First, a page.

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Research ArticleOpen Access

The Neuroprotective Effect of SENYDEM®: A New Therapeutic Approach for the Management of Cognitive Impairment in Alzheimer’s Disease Volume 53- Issue 2

Umberto Di Maio1, Antonino Bagnulo2 and Andrea Cerciello2*

  • 1Shedir Pharma Group SpA, Via Bagnulo, 95 – 80063 Piano di Sorrento (NA), Italy
  • 2Neilos Srl, Via Bagnulo, 95 – 80063 Piano di Sorrento (NA), Italy

Received: October 09, 2023;   Published: October 17, 2023

*Corresponding author: Andrea Cerciello, Via Bagnulo 95, 80063, Piano di Sorrento, Naples, Italy

DOI: 10.26717/BJSTR.2023.53.008387

Abstract PDF


Alzheimer’s disease (AD) is a neurodegenerative pathology characterized by the formation in the brain of β-amyloid-containing plaques and tau-containing neurofibrillary tangles (NFT). Today, the pharmacological treatments of AD are very limited and novel therapeutic strategies are required. The administration of natural based-products could prevent or alleviate the AD symptoms minimizing side effects. In vivo and ex vivo analysis were carried out on AD mouse model to evaluate the neuroprotective effect of an oral nutraceutical patented technology named SENYDEM®. Results on mnemonic tests and inflammation pathway demonstrated that SENYDEM® formulation could exert beneficial effects on neuro-degeneration and neuro-inflammation of cognitive system representing a promising nutraceutical composition to be used as potential adjuvant in the prevention and treatment of AD.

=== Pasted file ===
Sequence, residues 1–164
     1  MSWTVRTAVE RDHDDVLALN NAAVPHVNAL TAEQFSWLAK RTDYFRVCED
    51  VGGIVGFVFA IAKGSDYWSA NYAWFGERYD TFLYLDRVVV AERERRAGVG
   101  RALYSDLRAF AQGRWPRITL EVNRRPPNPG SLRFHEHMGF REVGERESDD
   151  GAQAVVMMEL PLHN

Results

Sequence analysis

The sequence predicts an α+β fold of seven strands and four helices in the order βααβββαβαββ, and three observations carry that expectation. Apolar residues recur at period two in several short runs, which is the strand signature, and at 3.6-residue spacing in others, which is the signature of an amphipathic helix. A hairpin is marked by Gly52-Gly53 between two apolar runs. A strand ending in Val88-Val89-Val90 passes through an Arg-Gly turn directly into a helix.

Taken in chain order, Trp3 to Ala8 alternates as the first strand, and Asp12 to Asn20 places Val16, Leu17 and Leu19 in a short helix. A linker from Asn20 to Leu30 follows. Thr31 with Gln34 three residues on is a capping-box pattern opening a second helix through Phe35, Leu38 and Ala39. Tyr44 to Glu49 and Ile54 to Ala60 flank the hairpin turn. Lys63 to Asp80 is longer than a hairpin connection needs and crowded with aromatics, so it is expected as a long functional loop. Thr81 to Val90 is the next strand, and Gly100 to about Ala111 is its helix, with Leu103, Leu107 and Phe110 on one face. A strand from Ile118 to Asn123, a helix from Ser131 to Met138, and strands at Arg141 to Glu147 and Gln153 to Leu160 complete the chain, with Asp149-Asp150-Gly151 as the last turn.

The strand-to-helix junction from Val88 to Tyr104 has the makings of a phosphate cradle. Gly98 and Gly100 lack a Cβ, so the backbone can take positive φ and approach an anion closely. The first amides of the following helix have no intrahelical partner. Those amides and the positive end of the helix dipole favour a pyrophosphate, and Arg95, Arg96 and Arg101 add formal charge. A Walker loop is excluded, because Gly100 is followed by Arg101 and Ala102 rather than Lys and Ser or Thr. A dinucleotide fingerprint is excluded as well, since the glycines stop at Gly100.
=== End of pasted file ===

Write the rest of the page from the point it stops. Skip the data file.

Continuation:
Keywords: Neuro-Inflammation; Senydem®; Alzheimer’s Disease; Cognitive System

Abbreviations: AD: Alzheimer’s Disease; NMDA: N-Methyl-D-Aspartate; CNS: Central Nervous System; PEA: Palmitoylethanolamide; ELISA: Enzyme-Linked Immunosorbent Assays